This annual celebration is held every January 4th. Also known as Martyr’s Day, the Commemoration of the Martyrs of Independence is held as a double event to remember the victims of violence against human rights and also the martyrs of justice.
Referred to as “Heroes’ Day,” this public holiday is celebrated annually on January 17. It commemorates the death of Patrice Lumumba, the Congo’s popular leader. It is one of the two festivals that commemorate Lumumba’s fight for human dignity in the region.
The Congo observes National Liberation Day every year on May 17. This is a public holiday, so all offices and most businesses are closed. It pays tribute to the efforts of the Movement for the Liberation of the Congo rebel group who fought the government during the second war. MLC was led by Jean-Pierre Bemba, the son of Bemba Saolona, a Congolese billionaire. Street parades and cultural shows are held.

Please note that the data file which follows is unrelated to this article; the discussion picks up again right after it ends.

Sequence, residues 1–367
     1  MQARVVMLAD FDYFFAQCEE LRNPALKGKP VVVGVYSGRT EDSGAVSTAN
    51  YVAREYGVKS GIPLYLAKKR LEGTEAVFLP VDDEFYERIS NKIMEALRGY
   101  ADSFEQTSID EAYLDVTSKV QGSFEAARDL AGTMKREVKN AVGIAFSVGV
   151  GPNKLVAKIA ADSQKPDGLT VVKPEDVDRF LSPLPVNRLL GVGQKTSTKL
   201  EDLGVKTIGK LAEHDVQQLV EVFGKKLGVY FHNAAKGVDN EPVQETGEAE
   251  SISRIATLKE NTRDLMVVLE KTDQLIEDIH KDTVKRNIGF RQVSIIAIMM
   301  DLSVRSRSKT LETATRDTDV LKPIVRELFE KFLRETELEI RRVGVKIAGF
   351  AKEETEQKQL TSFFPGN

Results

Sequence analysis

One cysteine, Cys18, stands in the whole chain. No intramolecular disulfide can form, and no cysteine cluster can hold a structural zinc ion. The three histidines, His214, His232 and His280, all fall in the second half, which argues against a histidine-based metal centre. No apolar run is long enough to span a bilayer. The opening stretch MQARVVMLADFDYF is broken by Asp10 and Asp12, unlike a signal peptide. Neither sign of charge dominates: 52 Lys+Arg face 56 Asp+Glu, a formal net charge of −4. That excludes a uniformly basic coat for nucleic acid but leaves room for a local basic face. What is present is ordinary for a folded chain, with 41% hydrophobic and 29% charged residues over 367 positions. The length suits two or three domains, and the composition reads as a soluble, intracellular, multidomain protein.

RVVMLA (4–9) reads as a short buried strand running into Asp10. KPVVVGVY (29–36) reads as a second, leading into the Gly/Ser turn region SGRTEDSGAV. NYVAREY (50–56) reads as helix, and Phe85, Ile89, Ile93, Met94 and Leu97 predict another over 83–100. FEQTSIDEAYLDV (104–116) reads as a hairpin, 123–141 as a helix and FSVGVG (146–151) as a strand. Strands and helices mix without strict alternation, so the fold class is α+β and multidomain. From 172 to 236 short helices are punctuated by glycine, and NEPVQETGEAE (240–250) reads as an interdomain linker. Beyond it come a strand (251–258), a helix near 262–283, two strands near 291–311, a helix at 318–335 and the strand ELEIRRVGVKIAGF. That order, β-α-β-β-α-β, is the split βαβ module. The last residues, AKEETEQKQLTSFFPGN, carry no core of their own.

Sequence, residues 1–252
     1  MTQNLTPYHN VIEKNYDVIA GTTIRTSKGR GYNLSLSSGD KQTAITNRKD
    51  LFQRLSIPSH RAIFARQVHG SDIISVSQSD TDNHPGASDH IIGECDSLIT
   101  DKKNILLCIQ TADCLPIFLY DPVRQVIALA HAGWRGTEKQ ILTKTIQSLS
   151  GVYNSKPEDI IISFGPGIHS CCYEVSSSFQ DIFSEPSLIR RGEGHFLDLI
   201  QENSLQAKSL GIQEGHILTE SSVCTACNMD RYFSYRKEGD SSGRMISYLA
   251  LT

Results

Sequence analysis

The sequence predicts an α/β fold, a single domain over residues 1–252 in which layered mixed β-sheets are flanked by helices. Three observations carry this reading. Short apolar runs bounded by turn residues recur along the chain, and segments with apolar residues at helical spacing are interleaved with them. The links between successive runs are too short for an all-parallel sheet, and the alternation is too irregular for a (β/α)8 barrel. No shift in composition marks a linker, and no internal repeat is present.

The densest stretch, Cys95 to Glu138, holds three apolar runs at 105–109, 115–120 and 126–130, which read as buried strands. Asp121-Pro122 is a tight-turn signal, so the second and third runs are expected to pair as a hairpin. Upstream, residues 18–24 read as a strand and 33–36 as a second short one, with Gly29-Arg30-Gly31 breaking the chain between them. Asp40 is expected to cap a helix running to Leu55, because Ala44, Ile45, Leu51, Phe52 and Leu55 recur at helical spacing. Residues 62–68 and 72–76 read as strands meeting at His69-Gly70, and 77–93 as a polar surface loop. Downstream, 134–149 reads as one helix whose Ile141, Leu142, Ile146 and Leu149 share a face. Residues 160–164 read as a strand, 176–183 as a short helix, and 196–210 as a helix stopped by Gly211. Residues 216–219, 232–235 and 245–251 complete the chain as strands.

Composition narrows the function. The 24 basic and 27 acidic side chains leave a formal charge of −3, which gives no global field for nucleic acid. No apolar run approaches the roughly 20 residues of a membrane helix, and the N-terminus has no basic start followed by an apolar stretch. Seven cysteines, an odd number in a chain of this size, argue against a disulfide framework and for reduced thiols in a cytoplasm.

Independence Day is celebrated every June 30.
The world observes Parents’ Day every August 1, but in the Congo, it is considered a public holiday. Locals are enthusiastic about giving greeting cards and gifts to their family.
The Congo celebrates Youth Day on October 14. During this national day, different organizations host sporting events and other festivities for young people.
An observed as a national holiday, the country honors its military forces every November 17.
Unlike most Western countries, the Congo treats Christmas as a religious festival. It is less commercialized, so presents are uncommon. On Christmas Eve, churches stage musicals with at least five to six choir performances and nativity plays. Some communities enjoy festivities until dawn when Christmas Day services start at 9:00 a.m. Families typically prepare a feast at home, and for those who can afford it, pork and chicken are staples.